A Python Slack bot framework using asyncio and Slack's Real Time Messaging API
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README.md

Butterfield

A Slack bot framework using Slack's Real Time Messaging API, Python 3 and asyncio.

Butterfield is unstable and being actively developed. Breaking changes will occur.

Echo bot example

This simple bot will listen for message events and echo the message to the same channel.

import asyncio
from butterfield import Bot

@asyncio.coroutine
def echo(bot, message: 'message'):
	yield from bot.post(
		message['channel'],
		message['text']
	)

b = Bot('slack-bot-key')
b.listen(echo)

butterfield.run(b)

Running butterfield

This package provides the butterfield command line utility. This command takes one argument, a path to a configuration file, and runs the bot as defined.

$ butterfield mybot-config.json

If you are running butterfield in development, you can launch the command line utility directly:

$ python -m "butterfield.cli" mybot-config.json

Bot configuration files

A butterfield config file contains a JSON array containing objects defining the bots that will be created.

[
	{
		"key": "i-made-this-key-up",
		"plugins": [
			"butterfield.handlers.devel.log",
			"butterfield.handlers.devel.emoji"
		]
	},
	{
		"key": "also-a-made-up-key",
		"plugins": [
			"butterfield.handlers.devel.log",
		]
	}
]

The key property contains the Slack bot user key. The plugins property is a list of strings that are module paths to event handler plugins.

Writing your own bot

Bots are created by instantiating an instance with a Slack bot user key.

from butterfield import Bot

mybot = Bot('this-is-not-a-real-key')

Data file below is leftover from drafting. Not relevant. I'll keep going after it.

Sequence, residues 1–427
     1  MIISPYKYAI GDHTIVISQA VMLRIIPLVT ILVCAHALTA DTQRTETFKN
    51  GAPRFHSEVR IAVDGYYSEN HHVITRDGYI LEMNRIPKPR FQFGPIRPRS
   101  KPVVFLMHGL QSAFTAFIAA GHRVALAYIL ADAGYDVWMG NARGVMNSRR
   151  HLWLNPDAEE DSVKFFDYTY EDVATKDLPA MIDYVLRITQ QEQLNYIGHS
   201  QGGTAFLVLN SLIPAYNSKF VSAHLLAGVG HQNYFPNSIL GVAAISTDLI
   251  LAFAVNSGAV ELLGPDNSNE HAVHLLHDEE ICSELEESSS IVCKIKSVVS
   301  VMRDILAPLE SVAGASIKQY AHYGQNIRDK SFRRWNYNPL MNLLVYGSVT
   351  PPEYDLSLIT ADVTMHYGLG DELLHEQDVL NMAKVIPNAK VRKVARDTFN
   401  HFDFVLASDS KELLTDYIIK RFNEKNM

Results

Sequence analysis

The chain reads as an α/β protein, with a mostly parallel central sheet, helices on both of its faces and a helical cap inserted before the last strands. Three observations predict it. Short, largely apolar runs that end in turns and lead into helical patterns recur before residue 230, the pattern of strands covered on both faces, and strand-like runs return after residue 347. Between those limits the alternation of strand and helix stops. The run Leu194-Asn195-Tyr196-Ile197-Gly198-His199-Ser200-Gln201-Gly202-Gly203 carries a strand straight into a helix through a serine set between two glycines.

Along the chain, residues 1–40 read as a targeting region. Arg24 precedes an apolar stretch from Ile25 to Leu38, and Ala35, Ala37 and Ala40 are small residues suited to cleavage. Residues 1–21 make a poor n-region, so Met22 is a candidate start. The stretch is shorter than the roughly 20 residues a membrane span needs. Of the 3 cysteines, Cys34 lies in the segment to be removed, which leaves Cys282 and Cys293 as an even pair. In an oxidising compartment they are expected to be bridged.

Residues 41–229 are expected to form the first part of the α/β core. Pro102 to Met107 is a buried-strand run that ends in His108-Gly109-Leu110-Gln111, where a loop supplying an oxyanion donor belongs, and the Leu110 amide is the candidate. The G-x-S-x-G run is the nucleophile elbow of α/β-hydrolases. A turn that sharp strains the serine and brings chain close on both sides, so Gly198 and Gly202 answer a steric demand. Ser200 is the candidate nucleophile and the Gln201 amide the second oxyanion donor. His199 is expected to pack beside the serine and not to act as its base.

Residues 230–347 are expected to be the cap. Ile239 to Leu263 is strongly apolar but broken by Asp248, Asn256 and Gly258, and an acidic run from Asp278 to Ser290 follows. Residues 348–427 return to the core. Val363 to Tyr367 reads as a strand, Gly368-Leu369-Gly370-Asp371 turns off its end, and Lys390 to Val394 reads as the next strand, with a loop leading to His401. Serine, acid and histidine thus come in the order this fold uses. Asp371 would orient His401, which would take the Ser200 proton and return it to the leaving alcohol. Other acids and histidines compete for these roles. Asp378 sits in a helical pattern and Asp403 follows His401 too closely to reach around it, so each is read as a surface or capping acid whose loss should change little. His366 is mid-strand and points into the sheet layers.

Receiving Slack events

Message handlers are asyncio coroutines. When executed, they receive the bot instance that invoked the handler and a copy of the event message from Slack.

import asyncio

@asyncio.coroutine
def console_printer(bot, message: "message"):
	if 'text' in message:
		print(message['text'])

A parameter annotation is used on the message parameter to specify the message types the coroutine will receive. This can be a single string or a list of strings to specificy multiple message types. To trigger the handler for all event types, use "*" or butterfield.ALL. The full list of event types can be found in the RTM API docs.

Handlers are added to the bot using the listen method. The handler parameter can be either a direct reference to the coroutine or the module path as a string.

mybot.listen(console_printer)
mybot.listen("butterfield.handlers.devel.log")

Now just start the bot and it will run... FOREVER.

butterfield.run(mybot)

Multiple bots can be started by passing multiple instances to butterfield.run():

butterfield.run(mybot, myotherbot)

or

allthebots = [mybot, myotherbot]
butterfield.run(*allthebots)

Posting to Slack

Handlers can post messages back to Slack using the post method on the bot that was passed to it. The first parameter is the id of the channel that will receive the post. The second parameter is the message that will be posted.

bot.post(channel_id, 'Hi, channel!')

Daemons

They exist. This section should tell you about them.

TODO

  • Add HTTP API so messages can be pushed through Butterfield to Slack.
  • Listen for meta events and modify local Slack environment appropriately (list of channels, users, etc.).
  • EVERYTHING ELSE!